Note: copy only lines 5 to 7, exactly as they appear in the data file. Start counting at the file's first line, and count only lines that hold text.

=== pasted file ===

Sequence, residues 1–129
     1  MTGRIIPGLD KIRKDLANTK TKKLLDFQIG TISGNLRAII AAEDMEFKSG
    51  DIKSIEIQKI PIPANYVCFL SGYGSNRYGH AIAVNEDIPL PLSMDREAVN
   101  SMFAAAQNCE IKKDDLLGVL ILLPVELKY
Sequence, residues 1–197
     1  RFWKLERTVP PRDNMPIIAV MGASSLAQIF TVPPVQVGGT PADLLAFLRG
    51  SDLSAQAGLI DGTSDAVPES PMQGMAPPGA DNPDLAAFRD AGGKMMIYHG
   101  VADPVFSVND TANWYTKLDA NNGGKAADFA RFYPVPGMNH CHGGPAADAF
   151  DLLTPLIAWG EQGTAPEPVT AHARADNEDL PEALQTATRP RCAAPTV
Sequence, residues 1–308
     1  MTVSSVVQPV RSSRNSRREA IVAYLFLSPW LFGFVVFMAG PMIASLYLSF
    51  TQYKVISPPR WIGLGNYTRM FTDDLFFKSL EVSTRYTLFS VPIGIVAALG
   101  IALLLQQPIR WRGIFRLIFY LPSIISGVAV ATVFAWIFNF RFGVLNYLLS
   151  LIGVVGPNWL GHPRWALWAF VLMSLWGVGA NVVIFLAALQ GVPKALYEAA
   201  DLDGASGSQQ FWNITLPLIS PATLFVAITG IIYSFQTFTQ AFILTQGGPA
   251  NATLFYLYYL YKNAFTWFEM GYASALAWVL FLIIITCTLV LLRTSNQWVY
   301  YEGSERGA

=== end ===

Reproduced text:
Sequence, residues 1–197
     1  RFWKLERTVP PRDNMPIIAV MGASSLAQIF TVPPVQVGGT PADLLAFLRG
    51  SDLSAQAGLI DGTSDAVPES PMQGMAPPGA DNPDLAAFRD AGGKMMIYHG